Because indian hedgehog (IHH) is known to act downstream of TH and THRβ1 in order to form the SOC11, 12, we examined hedgehog signaling in epiphyseal chondrocytes. IHC data confirmed a higher IHH expression in the SOC vs SHH in 7 day old euthyroid hyt/+ mice (Fig. 7A,C), whereas there was an extreme reduction of IHH expression coupled with an increase in SHH expression in hyt/hyt mice (Fig. 7B,D). While expression levels of THRα1 was unaffected by TH status in the epiphyseal chondrocytes at day 7 (Fig. 7E,F), THRβ1 expression was reduced in the absence of TH (Fig. 7G,H). Consistent with the immunohistochemistry data, Ihh mRNA expression was decreased 7 fold while Shh expression was increased 2.4 fold in hyt/hyt animals (Fig. 7I). While the mRNA level of Thrα1 was not different between the two genotypes, expression levels of Thrβ1 was reduced by 2.2 fold in the epiphysis of Tshr hyt/hyt mice at day 7 (Fig. 7J). This was further confirmed with treatment of hyt/hyt animals with T3/T4, which increased Thrβ1 but not Thrα1 expression in the SOC (data not shown). To understand the role of THRβ1 regulation of hedgehog signaling in regulating epiphyseal chondrocyte transdifferentiation, we performed multiple culture assays with primary epiphyseal chondrocytes. First, we assayed the effect of knocking down Thrβ1 expression specifically with Thrβ1 lentiviral shRNA treatment and measured Shh and Ihh expression levels. Thrβ1 knockdown in cultured chondrocytes increased Shh expression ~3.4 fold but reduced Ihh expression 2 fold (Fig. 7K). Shh was then overexpressed in epiphyseal chondrocytes to examine its effect on the expression of various markers of chondrocyte maturity. Adenoviral overexpression of Shh in epiphyseal CCs promoted expression of immature chondrocyte markers Sox9 (~1.5 fold), Col2 (~3.5 fold) and aggrecan (Acan) (~3 fold), while it decreased expression of mature CC markers Mmp13 (~1.7 fold) and Rankl (~2.8 fold) (Fig. 7L). Finally, we examined downstream effectors of hedgehog signaling. Shh overexpression increased expression of some, but not all downstream hedgehog effectors. Ptch1 and Gli1 increased (~ 9 fold and ~13.5 fold respectively) while Gli2 and Gli3 remained unchanged (Fig. 7L). Similarly, shRNA knockdown of Ihh in epiphyseal chondrocytes caused a decrease in Ptch1 and Gli2 expression levels (~2 fold each) but not in Gli1 (Fig. 7M). Furthermore, knockdown of Ihh reduced expression of markers of chondrocytes (Mmp13) and osteoblasts (Bsp) (Fig. 7N). Taken together, these data suggest that SHH promotes an immature, stem like fate for chondrocytes via the specific mediator, GLI1. On the other hand, IHH promotes chondrocyte hypertrophy and osteoblast differentiation via the specific mediator, GLI2. TH acting via THRβ1 suppresses SHH but increases IHH expression.

Figure 7
figure7

Thyroid hormone acts through THRβ1 and HH expression to influence epiphyseal chondrocyte differentiation. (AD) IHC data confirms a higher IHH expression in the SOC vs SHH (green) in P7 hyt/ + mice (A,C), whereas there is an extreme reduction of IHH expression coupled with an increase in SHH expression in hyt/hyt mice (B,D). (EH) IHC data indicate unchanged THRα1 levels in both hyt/ + and hyt/hyt animals (E,F). Conversely, THRβ1 expression is markedly reduced in hyt/hyt compared to hyt/ + animals (G,H). (I,J) Ihh mRNA expression of P7 epiphyses decreased 7 fold while Shh expression is increased 2.4 fold in hyt/hyt vs hyt/ + animals (I). P7 epiphyses of hyt/hyt animals showed a 2.2 fold decrease in Thrβ1 but no effect in Thrα1 expression compared to hyt/  +animals (J). (K) Thrβ1 knockdown in cultured CCs increased Shh expression 3.4 fold and reduced Ihh expression 2 fold. (L) Adenoviral OE of Shh in epiphyseal CCs increased Sox9, Col2, and Acan mRNA expression (1.5, 3.5, and 3 fold, respectively). Mmp13 and Rankl expression decrease 1.7 and 2.8 fold, respectively. Ptch1 and Gli1 expression is increased 9 and 13.5 fold, respectively. Gli2 and Gli3 expression remain unchanged. All mRNA is tested against GFP adenovirally treated cells. (M, N) shRNA knockdown of Ihh in ATDC5 CCs causes an increase in Gli1, however, Ptch1 and Gli2 are knocked down (2 fold each) (M) It also reduces Mmp13 and Bsp expression (5 and 3.3 fold, respectively) but increases Col2 expression (2.5 fold) (N). Red Circles denote the SOC initiation region. All RNA data are represented as a mean ± SEM, “A” denotes significance. Large Scale bars are 100 μm and small scale bars are 200 μm.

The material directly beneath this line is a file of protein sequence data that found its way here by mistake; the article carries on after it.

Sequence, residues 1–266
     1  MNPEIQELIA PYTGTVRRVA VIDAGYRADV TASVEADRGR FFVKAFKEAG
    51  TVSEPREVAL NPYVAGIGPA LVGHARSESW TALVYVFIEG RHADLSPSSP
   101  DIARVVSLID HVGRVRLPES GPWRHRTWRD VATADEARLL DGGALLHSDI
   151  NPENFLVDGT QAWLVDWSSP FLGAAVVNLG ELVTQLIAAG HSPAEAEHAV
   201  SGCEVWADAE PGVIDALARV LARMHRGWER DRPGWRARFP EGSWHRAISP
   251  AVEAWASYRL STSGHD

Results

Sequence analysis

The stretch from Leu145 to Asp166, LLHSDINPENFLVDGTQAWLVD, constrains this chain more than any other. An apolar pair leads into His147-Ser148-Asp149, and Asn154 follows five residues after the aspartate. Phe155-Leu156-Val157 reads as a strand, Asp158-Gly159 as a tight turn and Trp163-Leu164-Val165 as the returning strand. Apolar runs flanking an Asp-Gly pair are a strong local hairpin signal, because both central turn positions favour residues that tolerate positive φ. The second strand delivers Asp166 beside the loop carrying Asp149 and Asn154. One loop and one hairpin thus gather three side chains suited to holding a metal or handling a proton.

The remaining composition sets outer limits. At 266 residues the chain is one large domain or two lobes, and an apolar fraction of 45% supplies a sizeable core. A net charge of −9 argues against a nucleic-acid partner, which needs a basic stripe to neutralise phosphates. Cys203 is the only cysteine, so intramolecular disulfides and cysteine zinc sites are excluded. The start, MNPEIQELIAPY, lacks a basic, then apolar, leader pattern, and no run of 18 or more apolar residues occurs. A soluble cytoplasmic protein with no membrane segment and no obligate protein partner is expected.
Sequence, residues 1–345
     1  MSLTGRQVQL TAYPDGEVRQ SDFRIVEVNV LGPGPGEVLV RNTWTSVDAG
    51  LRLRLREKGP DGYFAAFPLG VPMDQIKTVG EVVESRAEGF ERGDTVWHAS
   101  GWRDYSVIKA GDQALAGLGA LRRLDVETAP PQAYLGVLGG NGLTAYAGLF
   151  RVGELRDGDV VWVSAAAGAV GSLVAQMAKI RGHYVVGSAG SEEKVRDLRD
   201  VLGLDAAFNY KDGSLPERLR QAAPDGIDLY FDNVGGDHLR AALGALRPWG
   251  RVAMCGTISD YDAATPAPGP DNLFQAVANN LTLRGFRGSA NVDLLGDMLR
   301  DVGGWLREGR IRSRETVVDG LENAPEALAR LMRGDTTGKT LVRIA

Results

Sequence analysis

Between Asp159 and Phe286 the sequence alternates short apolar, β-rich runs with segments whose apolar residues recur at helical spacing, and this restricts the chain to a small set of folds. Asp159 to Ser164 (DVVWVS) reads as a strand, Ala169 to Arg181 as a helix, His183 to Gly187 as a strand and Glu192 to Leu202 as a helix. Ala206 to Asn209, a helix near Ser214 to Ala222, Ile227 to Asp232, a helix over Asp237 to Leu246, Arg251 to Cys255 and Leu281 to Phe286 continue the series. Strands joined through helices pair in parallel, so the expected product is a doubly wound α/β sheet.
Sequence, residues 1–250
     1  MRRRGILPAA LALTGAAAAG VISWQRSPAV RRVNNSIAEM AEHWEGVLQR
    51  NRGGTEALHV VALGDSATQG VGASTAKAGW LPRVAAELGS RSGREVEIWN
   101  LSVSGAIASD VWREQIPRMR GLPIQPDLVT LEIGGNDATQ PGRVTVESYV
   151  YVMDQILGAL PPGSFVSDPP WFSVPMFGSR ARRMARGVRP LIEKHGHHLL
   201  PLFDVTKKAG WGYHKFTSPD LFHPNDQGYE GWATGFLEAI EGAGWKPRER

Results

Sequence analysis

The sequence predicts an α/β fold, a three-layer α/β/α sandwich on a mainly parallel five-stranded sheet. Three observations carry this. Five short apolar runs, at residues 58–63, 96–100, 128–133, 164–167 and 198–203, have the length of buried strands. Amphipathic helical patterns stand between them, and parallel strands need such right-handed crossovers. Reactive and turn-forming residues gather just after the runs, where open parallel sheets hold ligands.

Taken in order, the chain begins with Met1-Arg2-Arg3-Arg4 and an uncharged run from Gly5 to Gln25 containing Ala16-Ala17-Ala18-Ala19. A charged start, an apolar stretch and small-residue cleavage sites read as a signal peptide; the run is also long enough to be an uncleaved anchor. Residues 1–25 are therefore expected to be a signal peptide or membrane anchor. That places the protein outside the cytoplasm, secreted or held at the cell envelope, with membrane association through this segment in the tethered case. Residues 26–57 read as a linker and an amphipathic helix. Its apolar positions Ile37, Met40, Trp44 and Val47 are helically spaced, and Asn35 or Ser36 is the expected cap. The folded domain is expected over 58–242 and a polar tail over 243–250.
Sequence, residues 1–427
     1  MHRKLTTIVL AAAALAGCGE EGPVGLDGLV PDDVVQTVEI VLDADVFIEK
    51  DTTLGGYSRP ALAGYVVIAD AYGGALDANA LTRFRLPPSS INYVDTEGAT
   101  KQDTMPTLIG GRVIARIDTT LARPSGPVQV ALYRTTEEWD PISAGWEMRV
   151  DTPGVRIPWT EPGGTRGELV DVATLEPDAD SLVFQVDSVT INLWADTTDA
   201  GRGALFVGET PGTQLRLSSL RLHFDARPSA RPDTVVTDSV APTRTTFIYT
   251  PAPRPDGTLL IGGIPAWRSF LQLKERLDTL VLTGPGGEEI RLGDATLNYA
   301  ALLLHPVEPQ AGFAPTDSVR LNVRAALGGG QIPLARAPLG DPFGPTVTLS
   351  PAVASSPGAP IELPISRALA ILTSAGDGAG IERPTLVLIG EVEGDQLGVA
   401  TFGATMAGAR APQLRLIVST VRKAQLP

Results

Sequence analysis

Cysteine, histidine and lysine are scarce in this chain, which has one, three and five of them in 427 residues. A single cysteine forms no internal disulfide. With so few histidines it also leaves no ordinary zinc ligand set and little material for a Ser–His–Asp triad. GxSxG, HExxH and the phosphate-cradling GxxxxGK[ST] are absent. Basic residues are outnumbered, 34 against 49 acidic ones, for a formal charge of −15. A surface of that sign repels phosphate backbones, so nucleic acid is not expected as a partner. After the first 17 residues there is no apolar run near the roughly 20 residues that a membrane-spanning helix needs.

Discussion

In this study, we followed the cellular and molecular events that occurred during secondary center ossification of the epiphysis in euthyroid and hypothyroid mice to get an insight into the mechanisms for endochondral bone formation. Our focus on the epiphysis was based on the following: 1) Secondary center ossification at the epiphysis occurs quite rapidly in mice (postnatal days 7–10), thus providing a narrow window in time for mechanistic studies, and 2) Initiation and progression of secondary center ossification occurs at a time when serum levels of T3 increase in several species including humans, and hypothyroid mice exhibit a severe delay in secondary center ossification at the epiphysis11, 13, 14, thus providing a model for evaluation of mechanisms for TH regulation of endochondral bone formation. By studying endochondral bone formation at the epiphysis during the prepubertal growth period, we found an important role for hypertrophic chondrocytes to produce bone matrix through direct conversion to osteoblasts. Our data demonstrate that epiphyseal chondrocytes drive the entire sequence of events in the endochondral bone formation pathway, from removal of cartilaginous matrix to subsequent replacement with mineralized bone and that TH regulation of SHH/IHH signaling is critically involved in these processes.